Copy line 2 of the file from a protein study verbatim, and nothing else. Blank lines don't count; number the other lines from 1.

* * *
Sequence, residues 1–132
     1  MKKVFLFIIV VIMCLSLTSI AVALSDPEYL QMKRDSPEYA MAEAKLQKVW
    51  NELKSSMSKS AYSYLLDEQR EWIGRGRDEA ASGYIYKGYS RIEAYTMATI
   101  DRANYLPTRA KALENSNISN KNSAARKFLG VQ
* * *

     1  MKKVFLFIIV VIMCLSLTSI AVALSDPEYL QMKRDSPEYA MAEAKLQKVW